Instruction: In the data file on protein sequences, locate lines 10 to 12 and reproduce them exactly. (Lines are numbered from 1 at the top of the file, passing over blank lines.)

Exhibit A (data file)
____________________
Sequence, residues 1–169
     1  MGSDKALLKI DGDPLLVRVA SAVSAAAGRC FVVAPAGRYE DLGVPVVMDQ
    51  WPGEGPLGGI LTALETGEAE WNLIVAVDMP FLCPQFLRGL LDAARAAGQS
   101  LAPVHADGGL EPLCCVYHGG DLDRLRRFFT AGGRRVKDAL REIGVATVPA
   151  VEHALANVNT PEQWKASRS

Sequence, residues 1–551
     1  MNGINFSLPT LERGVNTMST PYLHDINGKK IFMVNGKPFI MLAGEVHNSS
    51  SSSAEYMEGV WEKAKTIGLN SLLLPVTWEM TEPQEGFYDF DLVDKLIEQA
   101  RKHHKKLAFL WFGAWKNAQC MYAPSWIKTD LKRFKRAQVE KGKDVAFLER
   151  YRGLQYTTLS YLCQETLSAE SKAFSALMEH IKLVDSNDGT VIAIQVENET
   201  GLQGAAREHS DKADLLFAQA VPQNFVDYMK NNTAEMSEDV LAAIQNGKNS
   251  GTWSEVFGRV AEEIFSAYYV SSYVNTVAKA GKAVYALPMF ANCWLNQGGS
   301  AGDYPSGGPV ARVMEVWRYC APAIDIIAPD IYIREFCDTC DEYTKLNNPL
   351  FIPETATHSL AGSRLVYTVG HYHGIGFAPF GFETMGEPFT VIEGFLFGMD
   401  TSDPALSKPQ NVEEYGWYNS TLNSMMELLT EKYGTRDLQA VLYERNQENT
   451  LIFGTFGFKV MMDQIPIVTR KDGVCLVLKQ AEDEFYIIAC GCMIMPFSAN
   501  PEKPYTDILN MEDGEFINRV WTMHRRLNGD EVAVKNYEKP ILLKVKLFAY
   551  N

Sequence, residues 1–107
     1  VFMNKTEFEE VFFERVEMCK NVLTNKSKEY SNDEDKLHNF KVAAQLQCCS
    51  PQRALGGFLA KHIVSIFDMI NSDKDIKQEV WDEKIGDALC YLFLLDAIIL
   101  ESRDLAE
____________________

   151  YRGLQYTTLS YLCQETLSAE SKAFSALMEH IKLVDSNDGT VIAIQVENET
   201  GLQGAAREHS DKADLLFAQA VPQNFVDYMK NNTAEMSEDV LAAIQNGKNS
   251  GTWSEVFGRV AEEIFSAYYV SSYVNTVAKA GKAVYALPMF ANCWLNQGGS